Female genital Chlamydia trachomatis infection: where are we heading?

Arch Gynecol Obstet. 2012 May;285(5):1271-85. doi: 10.1007/s00404-012-2240-7. Epub 2012 Feb 19.


Introduction: Urogenital infection by Chlamydia trachomatis is the most common bacterial sexually transmitted disease in the world. C. trachomatis is the etiologic agent of several common genital tract syndromes such as urethritis, cervicitis, and pelvic inflammatory disease in women.

Materials and methods: In this review, the pathophysiology of a chlamydial infection as well as diagnosis, therapy and prevention strategies regarding female chlamydial infection are reviewed.

Results: A chlamydial infection results in minimal or even no symptoms in approximately two-thirds of women, remaining therefore clinically apparent and undiagnosed. C. trachomatis infections are of great socioeconomic and public health concern due to the potential for severe long-term consequences in women, including an increased risk of ectopic pregnancy, tubal infertility and chronic pelvic pain. Moreover, if the bacterium is transmitted during labor to a newborn, it can cause ophthalmia neonatorum and atypical neonatal pneumonia. Due to the documented increased risk of morbidity, several national guidelines are available, including a routine screening for young women and screening during pregnancy that is recommended in several countries.

Discussion: A routine screening for young women and screening during pregnancy is recommended in several countries. However, additional prospective studies of the effectiveness of chlamydia screening are warranted and might be feasible within established screening programs. Moreover, the transition from cervicitis to infertility should be also evaluated in future controlled studies to underline the existing evidence. Additionally, there is an urgent need to educate and inform health-care providers about implementation of screening programs to reduce the spread of chlamydial infection. Moreover, awareness and use of screening programs by the public is needed, which requires informational campaigns for the general public using different media. For improved screening strategies and public awareness, novel approaches have to be developed and evaluated. Finally, guidelines should be actively disseminated to all medical practitioners to increase their use in daily practice. Although the major socioeconomic and public health concerns of C. trachomatis infection are recognized, several considerations and additional measures for addressing this increasingly urgent health problem remain.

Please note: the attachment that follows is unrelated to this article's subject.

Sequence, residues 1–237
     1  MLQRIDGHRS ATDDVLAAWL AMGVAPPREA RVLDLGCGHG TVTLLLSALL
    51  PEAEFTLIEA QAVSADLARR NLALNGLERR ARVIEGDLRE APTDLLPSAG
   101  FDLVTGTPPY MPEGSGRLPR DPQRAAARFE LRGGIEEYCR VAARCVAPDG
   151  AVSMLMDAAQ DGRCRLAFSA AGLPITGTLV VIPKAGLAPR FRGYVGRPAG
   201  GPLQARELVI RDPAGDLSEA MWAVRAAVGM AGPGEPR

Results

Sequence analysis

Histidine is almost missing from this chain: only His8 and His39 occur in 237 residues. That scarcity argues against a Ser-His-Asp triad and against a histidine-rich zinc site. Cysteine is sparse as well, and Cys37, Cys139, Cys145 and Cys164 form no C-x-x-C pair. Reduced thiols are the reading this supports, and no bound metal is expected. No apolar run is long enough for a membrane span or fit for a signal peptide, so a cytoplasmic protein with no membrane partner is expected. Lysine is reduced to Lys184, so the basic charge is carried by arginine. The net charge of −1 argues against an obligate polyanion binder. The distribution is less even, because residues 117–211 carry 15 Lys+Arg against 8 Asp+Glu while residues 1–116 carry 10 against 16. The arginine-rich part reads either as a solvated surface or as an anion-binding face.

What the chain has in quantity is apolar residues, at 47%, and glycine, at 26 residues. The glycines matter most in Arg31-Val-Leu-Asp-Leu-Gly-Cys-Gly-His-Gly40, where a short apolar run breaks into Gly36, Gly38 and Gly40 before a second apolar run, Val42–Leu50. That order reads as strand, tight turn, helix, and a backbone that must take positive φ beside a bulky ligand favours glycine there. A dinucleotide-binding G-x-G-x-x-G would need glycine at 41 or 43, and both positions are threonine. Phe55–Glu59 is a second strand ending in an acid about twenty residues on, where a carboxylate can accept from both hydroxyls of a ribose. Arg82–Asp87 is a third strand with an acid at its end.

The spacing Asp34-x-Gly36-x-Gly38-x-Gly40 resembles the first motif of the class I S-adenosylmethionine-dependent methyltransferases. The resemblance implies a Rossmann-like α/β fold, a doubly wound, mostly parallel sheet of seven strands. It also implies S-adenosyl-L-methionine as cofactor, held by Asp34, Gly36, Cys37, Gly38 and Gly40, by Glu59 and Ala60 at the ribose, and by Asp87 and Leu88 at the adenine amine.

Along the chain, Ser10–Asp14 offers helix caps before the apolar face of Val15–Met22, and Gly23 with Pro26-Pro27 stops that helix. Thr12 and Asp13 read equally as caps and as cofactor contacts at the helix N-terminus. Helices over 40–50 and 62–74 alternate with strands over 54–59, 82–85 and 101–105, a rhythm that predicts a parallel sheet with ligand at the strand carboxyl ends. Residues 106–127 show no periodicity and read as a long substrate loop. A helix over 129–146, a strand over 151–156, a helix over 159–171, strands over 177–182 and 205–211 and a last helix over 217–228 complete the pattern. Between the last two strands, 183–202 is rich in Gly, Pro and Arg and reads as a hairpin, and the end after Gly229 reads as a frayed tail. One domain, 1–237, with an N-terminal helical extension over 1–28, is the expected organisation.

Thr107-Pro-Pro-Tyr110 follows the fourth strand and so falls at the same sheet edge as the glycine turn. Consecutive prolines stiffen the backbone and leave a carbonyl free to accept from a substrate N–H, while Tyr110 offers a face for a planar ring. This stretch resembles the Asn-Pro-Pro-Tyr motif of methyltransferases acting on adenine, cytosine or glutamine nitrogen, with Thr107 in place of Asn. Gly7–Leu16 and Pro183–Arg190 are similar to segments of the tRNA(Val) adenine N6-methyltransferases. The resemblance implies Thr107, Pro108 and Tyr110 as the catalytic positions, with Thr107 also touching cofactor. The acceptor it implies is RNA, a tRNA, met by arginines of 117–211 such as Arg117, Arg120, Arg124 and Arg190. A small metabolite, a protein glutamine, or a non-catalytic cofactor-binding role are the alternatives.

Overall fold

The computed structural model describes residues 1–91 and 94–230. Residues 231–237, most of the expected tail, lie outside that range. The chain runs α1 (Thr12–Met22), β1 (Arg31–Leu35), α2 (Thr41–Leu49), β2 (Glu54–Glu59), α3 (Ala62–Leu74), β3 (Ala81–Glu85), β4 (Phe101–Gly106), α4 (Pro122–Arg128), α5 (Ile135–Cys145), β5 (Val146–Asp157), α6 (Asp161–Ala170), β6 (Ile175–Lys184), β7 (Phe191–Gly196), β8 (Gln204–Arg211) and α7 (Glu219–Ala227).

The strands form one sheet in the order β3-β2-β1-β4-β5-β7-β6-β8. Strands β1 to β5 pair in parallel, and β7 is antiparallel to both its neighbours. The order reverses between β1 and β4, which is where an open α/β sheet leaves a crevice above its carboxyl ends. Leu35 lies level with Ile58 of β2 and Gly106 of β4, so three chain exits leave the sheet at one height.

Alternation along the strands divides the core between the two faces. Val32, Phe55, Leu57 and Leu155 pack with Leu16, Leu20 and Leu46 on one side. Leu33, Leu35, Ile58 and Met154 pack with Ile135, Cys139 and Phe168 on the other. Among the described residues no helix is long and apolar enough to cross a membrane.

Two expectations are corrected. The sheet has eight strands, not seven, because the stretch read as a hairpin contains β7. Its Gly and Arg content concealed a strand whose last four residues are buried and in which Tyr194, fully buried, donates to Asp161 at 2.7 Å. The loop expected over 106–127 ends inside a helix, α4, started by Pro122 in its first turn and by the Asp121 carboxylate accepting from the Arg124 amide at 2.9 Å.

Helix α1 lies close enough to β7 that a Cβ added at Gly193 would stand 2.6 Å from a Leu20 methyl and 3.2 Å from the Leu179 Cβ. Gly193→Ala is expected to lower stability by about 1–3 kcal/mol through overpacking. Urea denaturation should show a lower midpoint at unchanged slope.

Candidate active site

Publication types

  • Research Support, Non-U.S. Gov't
  • Review

MeSH terms

  • Chlamydia Infections / diagnosis
  • Chlamydia Infections / epidemiology
  • Chlamydia Infections / physiopathology*
  • Chlamydia Infections / therapy
  • Chlamydia trachomatis*
  • Female
  • Humans
  • Mass Screening
  • Pregnancy
  • Risk Factors